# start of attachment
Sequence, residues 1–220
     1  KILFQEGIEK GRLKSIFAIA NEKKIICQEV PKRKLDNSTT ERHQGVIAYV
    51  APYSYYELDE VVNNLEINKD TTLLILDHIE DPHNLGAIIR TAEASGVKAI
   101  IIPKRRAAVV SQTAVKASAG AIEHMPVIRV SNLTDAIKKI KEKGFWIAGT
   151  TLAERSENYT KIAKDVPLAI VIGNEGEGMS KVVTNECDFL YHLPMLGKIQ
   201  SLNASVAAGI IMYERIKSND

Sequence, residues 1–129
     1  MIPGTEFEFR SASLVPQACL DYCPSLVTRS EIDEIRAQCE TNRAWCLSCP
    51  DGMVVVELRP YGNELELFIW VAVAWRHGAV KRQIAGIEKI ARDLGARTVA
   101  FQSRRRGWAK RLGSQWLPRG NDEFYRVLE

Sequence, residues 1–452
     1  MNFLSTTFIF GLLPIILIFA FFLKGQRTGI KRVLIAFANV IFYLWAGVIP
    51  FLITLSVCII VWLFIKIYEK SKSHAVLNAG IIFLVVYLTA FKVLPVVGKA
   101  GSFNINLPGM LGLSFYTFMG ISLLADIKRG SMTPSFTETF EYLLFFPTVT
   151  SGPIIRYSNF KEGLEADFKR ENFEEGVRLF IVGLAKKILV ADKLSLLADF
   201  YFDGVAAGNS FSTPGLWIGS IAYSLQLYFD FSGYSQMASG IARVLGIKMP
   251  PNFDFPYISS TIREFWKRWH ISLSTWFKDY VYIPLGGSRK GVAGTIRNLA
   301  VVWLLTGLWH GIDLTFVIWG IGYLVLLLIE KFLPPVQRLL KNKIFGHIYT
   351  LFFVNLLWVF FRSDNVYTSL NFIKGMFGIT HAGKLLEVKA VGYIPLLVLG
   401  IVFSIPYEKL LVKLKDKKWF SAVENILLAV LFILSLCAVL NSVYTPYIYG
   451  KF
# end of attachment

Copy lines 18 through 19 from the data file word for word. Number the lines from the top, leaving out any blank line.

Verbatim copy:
   301  VVWLLTGLWH GIDLTFVIWG IGYLVLLLIE KFLPPVQRLL KNKIFGHIYT
   351  LFFVNLLWVF FRSDNVYTSL NFIKGMFGIT HAGKLLEVKA VGYIPLLVLG